Over recent years Anglo Coal Underground CM mines have consistently been able to
increase production output by improving their production process efficiency.
However, in the very same time, the utilization of available production time has
This report will explore the architecture of the current Performance Management System
(PMS) for frontline production section in Greenside Colliery, with specials impetus
given to the measurement front line time utilization.
Guided by existing literature and case studies on Performance Measurement Systems
and equipment time losses one was then able to conduct work studies in the erratic
underground coal mining sections. This was done with the view of building a factual
basis for process flows and root cause identification.
Informed by the above the report will give recommendations, on the short comings
and suitability of the current PMS, a concise definition of what ìproduction
downtimeî and illuminate critical areas of lost production.
From the study of best practices the PMS was found to be suited generally for
frontline coal management. However more needs to be done in improving the
accuracy of the data recorded and its communication.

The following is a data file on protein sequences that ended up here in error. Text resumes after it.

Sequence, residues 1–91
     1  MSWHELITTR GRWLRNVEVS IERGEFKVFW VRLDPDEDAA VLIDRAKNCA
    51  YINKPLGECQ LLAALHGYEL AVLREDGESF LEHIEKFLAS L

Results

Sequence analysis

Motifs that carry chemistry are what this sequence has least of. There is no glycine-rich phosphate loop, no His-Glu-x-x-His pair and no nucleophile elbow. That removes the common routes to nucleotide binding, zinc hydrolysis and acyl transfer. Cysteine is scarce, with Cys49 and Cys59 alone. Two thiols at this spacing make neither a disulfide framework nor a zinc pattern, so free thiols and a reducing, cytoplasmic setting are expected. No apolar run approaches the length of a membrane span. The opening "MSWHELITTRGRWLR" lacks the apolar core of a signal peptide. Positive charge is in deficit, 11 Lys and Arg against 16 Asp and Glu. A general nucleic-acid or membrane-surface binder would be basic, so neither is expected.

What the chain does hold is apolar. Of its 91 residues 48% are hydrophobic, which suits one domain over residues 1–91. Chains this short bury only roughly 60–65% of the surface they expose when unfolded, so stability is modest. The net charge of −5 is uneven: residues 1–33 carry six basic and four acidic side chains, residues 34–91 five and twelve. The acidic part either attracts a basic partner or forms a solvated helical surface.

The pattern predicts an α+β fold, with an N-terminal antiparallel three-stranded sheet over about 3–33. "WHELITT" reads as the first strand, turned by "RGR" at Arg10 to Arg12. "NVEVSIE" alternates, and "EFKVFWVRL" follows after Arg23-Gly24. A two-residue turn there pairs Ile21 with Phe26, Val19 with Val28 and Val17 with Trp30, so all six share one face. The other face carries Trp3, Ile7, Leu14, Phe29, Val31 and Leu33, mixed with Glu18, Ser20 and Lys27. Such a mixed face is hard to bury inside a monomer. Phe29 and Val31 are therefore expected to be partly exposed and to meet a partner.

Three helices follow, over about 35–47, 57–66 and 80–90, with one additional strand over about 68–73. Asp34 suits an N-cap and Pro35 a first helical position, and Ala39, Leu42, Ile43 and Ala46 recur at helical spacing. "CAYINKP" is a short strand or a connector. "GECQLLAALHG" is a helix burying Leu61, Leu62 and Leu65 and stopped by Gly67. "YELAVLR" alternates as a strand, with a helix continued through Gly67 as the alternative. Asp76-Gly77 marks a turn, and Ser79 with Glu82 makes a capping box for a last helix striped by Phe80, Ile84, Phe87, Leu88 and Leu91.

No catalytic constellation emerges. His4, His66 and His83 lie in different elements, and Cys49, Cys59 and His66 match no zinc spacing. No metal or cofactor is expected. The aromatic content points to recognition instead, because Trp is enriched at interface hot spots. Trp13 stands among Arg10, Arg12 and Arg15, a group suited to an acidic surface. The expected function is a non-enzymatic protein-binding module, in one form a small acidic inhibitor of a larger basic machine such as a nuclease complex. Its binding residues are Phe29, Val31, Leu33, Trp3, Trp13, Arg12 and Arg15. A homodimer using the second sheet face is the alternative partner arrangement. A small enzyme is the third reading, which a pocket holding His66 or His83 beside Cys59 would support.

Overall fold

A definition was fabricated for Lost Production Time based on the existence of a
critical value chain. Based on this definition the critical areas of lost production time
were identified and summarized in diagrammatic form that will be used in the data
capturing of the new PMS.
The study found that Continuous Miner operational stoppages and Feeder Breaker
breakdowns present the best opportunities of improvement and recommends that work
studies be done to improve the operational stoppages and equipment redesign
consideration be made to reduce shearing pin and torque shaft damage.
The report culminates by giving further recommendations based on findings on other
aspects that are not contained within the project scope but however do have a bearing
on the efficiency of the total PMS.
Thesis (B Eng. (Industrial and Systems Engineering))--University of Pretoria, 2008.